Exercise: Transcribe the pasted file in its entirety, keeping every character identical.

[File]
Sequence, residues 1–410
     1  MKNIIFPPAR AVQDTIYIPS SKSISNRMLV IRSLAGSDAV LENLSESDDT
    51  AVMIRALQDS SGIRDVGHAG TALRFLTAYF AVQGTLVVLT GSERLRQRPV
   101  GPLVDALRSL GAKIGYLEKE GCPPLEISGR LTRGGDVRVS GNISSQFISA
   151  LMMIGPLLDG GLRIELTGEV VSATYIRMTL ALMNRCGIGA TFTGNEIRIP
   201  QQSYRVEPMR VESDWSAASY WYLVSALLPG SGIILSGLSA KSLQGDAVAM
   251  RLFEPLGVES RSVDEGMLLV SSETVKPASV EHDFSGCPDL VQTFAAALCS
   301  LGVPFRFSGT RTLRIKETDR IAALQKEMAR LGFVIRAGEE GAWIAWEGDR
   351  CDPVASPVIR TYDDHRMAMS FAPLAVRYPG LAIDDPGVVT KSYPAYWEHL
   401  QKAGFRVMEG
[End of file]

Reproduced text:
Sequence, residues 1–410
     1  MKNIIFPPAR AVQDTIYIPS SKSISNRMLV IRSLAGSDAV LENLSESDDT
    51  AVMIRALQDS SGIRDVGHAG TALRFLTAYF AVQGTLVVLT GSERLRQRPV
   101  GPLVDALRSL GAKIGYLEKE GCPPLEISGR LTRGGDVRVS GNISSQFISA
   151  LMMIGPLLDG GLRIELTGEV VSATYIRMTL ALMNRCGIGA TFTGNEIRIP
   201  QQSYRVEPMR VESDWSAASY WYLVSALLPG SGIILSGLSA KSLQGDAVAM
   251  RLFEPLGVES RSVDEGMLLV SSETVKPASV EHDFSGCPDL VQTFAAALCS
   301  LGVPFRFSGT RTLRIKETDR IAALQKEMAR LGFVIRAGEE GAWIAWEGDR
   351  CDPVASPVIR TYDDHRMAMS FAPLAVRYPG LAIDDPGVVT KSYPAYWEHL
   401  QKAGFRVMEG